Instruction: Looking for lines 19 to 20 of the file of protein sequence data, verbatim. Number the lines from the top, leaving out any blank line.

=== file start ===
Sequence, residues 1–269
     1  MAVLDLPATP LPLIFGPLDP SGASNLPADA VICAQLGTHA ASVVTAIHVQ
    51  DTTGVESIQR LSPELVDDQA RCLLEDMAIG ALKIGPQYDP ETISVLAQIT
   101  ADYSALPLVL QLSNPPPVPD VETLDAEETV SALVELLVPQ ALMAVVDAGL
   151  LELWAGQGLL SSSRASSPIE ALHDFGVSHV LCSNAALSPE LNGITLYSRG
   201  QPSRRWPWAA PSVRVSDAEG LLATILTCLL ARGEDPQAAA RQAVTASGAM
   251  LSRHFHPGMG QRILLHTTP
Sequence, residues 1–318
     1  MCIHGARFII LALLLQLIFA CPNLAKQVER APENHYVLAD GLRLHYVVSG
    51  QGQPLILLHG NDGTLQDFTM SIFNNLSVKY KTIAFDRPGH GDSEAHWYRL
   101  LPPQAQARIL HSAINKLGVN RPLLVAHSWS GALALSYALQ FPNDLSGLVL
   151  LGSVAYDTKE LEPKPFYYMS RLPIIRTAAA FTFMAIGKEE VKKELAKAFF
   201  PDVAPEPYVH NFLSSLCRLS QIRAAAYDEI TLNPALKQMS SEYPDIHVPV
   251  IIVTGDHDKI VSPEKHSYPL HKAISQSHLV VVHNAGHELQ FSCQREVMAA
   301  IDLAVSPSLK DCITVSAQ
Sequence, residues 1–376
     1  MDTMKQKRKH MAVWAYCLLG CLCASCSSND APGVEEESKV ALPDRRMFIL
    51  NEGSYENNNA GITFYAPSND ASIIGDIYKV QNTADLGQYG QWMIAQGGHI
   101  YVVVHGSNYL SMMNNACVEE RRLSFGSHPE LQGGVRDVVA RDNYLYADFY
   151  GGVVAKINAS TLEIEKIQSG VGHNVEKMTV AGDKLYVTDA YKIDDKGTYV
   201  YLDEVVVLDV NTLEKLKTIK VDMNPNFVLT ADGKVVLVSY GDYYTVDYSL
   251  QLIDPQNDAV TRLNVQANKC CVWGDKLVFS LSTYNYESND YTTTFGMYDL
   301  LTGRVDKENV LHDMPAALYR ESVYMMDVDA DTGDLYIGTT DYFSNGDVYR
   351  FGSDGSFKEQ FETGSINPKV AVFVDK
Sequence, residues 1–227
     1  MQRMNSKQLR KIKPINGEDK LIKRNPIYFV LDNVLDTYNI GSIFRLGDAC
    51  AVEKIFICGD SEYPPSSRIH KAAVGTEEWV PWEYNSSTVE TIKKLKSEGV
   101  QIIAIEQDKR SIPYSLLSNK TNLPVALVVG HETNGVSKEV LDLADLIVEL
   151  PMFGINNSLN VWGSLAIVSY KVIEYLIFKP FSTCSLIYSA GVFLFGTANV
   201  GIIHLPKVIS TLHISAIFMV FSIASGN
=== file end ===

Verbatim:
   101  YVVVHGSNYL SMMNNACVEE RRLSFGSHPE LQGGVRDVVA RDNYLYADFY
   151  GGVVAKINAS TLEIEKIQSG VGHNVEKMTV AGDKLYVTDA YKIDDKGTYV